Waco ISD has raised taxes. The board recently approved a tax rate of $1.40408 – a half-cent lower than last year.
Though this may look like a tax cut, it is in fact a tax increase. Because the district’s tax base increased by 10 percent over the past year thanks to higher appraisals, Waco ISD’s revenue will increase significantly, to approximately $170.3 million. Meanwhile, the average Waco homeowner will see a property tax increase of around $56.55.
This decision came after a public hearing, as is required by law, which no citizens spoke in opposition or even at all.
The school district plans to use the additional taxpayer funds to give a $1,000 pay raise to teachers, and a 1.5–2 percent pay raise to administrative and support staff. If this raise applies to Waco ISD Superintendent Marcus Allen, he will see his salary increase from $272,000 to upwards of $277,440. Additionally, the district’s budget increased to hire teachers for special programs such as “gifted and talented” and “bilingual intervention support,” and to purchase new equipment for live broadcasting.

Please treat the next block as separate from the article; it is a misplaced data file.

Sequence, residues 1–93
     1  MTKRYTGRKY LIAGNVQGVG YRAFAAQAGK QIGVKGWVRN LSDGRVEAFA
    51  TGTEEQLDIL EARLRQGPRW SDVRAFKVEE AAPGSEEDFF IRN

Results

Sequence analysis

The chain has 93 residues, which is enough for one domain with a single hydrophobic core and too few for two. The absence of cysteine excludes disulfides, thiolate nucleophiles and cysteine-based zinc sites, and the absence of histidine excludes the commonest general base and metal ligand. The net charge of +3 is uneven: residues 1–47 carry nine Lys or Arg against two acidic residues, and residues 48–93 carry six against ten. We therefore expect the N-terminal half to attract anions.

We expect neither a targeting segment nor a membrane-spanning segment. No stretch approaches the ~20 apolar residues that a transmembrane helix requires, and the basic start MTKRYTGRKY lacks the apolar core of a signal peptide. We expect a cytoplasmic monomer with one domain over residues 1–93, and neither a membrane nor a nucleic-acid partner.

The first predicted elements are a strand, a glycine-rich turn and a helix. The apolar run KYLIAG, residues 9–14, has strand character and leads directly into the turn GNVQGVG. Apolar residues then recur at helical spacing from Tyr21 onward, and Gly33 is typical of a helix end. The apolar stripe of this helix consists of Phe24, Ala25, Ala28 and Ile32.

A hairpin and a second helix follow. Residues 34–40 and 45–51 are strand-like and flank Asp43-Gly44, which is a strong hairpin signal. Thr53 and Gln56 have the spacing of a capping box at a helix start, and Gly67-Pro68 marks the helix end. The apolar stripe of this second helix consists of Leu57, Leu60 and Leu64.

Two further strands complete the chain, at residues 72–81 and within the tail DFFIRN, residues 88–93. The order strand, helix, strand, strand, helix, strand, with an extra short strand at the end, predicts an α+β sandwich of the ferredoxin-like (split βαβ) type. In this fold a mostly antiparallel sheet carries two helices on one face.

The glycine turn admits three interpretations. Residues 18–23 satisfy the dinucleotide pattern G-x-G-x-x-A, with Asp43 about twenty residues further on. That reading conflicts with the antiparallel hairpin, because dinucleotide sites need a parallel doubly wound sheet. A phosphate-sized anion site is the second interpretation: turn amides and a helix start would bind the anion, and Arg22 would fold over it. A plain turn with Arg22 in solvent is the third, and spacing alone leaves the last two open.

Some Waco ISD officials seemed to want to curb the district’s spending increases.
Waco ISD Board of Trustees President Pat Atkins claimed the district cannot continue to dip into their fund balance to cover budget increases like they did this year, when the district’s budget increased by $6 million. According to Atkins, the largest and fastest-growing expenditure for the district is teacher salaries.
Hopefully, Waco ISD officials do not give in to pressures to increase spending as a way to fund salary increases, forcing them to increase property taxes again next year. Instead, officials should scrutinize their administrative budgets in ways that prioritize the classroom without overburdening the taxpayers.